Thirty-five Patients treated with AAD and 14 randomly selected patients without AAD (control group), evaluated by consecutive Holter recordings, were included. The 35 patients treated with AAD had 46 medication episodes, with a maximum of 3 episodes per child. In total, flecainide was prescribed 10 times, beta-blockers 18 times, sotalol 7 times, and verapamil 11 times. Children who received more than one type of anti-arrhythmic drugs during different medication episodes are represented in more than one group. The 14 randomly selected untreated patients had 20 episodes with consecutive Holter recordings. The baseline characteristics of the treated groups (before the start of medication) and control group were comparable regarding age at diagnosis, sex, weight, PVC burden, QRS morphology, coupling interval, and LV function (Table 1). The untreated group, as expected, had less symptoms, less VTs, and a lower LVEDD Z-score as compared to the treated groups. Symptoms in both the treated groups and the control group varied widely, consisting of palpitations, dizziness, fatigue, chest pain or syncope. The dosage of the medication prescribed was based on bodyweight and the way of administration depended on the patients age and available dosage form (i.e., multiple dosages per day or slow-release tablets). Therefore, the mean medication dose in mg per kg bodyweight per day is presented in Table 2.
The mean interval between Holter recordings was significantly different between the five groups (p = 0,015), with the control group having the longest mean interval of 427 days (SD 310), the flecainide group 247 days (SD 253), the beta-blocker group 139 days (SD 175), the sotalol group 261 days (SD 435), and the verapamil group 145 days (SD 160).
The mean follow-up time in our study was 3.8 years, with no statistically significant differences between the five groups (p = 0.924): 4.2 years for the control group (SD 3.6), 3.4 years (SD 1.8) for children in the flecainide group, 3.4 years (SD 3.2) in the beta-blocker group, 4.0 years (SD 2.7) in the sotalol group, and 3.6 years (SD 1.6) in the verapamil group.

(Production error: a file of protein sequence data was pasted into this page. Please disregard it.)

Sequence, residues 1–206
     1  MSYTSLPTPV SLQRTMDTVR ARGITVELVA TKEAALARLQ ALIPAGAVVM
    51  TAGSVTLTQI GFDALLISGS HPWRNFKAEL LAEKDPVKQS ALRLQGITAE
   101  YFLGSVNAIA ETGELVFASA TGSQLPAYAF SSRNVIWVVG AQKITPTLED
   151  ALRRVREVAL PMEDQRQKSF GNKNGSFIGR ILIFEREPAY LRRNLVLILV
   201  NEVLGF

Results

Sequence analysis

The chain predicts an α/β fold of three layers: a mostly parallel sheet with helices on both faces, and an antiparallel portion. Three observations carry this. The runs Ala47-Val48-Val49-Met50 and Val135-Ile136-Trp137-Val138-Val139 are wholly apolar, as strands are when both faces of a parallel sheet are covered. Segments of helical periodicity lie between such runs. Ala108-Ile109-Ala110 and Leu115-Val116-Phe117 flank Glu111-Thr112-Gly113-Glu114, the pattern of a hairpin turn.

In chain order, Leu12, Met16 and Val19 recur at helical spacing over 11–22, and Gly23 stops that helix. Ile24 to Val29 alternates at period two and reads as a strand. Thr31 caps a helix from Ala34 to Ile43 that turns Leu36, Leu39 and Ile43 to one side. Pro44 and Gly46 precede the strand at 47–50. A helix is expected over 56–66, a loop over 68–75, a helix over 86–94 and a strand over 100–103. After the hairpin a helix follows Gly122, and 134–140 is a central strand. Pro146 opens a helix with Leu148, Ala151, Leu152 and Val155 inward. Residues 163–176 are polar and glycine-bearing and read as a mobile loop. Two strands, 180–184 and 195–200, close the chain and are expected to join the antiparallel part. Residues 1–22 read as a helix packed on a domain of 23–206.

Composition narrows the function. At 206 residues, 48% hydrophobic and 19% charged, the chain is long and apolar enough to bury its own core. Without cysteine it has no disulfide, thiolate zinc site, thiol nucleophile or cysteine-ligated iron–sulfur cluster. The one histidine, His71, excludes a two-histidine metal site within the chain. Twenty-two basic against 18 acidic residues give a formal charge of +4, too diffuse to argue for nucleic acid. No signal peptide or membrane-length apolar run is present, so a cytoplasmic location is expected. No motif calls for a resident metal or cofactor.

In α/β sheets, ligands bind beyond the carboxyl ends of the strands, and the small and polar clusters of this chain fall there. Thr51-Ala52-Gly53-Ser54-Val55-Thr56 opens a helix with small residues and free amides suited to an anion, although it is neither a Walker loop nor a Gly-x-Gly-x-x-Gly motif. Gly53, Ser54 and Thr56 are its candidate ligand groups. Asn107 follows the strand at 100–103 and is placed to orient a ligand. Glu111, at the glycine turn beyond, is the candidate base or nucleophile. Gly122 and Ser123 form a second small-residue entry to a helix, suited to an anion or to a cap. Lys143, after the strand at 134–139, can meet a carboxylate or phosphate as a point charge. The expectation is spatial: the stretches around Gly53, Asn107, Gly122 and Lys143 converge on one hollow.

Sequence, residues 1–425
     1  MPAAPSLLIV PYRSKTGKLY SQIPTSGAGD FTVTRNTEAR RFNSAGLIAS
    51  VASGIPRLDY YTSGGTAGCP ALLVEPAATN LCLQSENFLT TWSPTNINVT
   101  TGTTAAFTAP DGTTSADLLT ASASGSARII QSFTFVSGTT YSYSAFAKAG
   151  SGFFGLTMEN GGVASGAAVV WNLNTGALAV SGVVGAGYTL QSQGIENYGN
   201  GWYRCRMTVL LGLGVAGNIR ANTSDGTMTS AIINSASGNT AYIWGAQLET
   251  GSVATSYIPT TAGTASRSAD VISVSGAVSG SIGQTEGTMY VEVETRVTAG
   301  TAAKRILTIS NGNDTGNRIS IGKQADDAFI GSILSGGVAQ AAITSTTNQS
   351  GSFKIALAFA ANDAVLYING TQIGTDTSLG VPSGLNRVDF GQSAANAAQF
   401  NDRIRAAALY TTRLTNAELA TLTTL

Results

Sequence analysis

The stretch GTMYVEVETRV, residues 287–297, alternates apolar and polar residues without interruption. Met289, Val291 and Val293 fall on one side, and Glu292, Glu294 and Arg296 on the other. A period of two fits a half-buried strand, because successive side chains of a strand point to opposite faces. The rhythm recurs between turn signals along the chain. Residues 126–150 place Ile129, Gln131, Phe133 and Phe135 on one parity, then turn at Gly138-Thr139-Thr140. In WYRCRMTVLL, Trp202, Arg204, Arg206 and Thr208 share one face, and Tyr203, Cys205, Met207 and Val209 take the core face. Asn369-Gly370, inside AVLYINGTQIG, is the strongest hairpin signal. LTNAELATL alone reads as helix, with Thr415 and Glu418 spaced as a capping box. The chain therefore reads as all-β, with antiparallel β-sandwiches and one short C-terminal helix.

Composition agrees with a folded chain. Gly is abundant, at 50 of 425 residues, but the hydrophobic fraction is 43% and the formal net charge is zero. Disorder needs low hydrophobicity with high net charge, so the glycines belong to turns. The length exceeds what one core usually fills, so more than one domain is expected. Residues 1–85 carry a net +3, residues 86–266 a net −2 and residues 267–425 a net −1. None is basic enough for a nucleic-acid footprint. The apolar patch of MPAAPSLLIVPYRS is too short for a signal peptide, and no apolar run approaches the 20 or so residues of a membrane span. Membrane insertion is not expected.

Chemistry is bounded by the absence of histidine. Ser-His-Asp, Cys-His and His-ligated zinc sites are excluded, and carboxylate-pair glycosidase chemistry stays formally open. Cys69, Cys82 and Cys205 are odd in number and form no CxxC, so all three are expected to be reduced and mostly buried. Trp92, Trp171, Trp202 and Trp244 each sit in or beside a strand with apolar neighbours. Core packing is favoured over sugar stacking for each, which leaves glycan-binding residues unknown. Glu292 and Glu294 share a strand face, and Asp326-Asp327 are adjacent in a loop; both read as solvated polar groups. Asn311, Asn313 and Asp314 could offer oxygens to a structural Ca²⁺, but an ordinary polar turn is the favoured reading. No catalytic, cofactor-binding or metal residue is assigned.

Overall, the mean reduction in PVC burden on Holter recordings was − 4.4 percentage points (range − 46 to + 27 percentage points) in the patients treated with AAD, compared to − 4.2 percentage points (range − 21 to + 9 percentage points) in the control group. The reduction in PVC burden of the 5 groups is presented in Fig. 1. There was no relation between age and PVC burden in a linear regression model (p = 0.527). Patients in the flecainide group had a mean reduction of -13.8 percentage points (N = 10), in the beta-blockers group -1.7 percentage points (N = 18), in the sotalol group + 1.0 percentage points (N = 7) and in the verapamil group -3.9 percentage points (N = 11). The overall test from the generalized linear mixed model indicated significant differences in reduction of PVC burden between the five groups (four treatment groups plus control group) (p = 0,032). Looking at the pairwise comparisons of the treated patients versus the control patients, only the difference between the flecainide group and the control group was significant (p = 0,033).The four treatment groups were also tested in a generalized linear mixed model without the control group. In this overall test there was a significant difference between the four treatment groups (p = 0,023).
The groups were too small to be able to perform further statistical analyses of subgroups with different dosages of medication. One patient with LV dysfunction had -46 percentage points PVC reduction on flecainide therapy and full recovery of LV function. The PVC reduction was confirmed on multiple Holters, returned after discontinuation of flecainide and resolved again after restarting flecainide. Catheter ablation was not performed because during electrophysiology study the PVC focus was located deep in the papillary muscle.
During follow-up, a catheter ablation procedure was performed in 14 patients with a mean age of 14 years (SD 3.4 years). Indications for ablation were symptoms in combination with failure of medication, and/or LV dysfunction. Of these procedures 11 were successful, with the focus of the PVCs in the right ventricular outflow tract (RVOT), at the right ventricular (RV) free wall or tricuspid annulus. Unsuccessful ablation sides were at the papillary muscle or LV summit.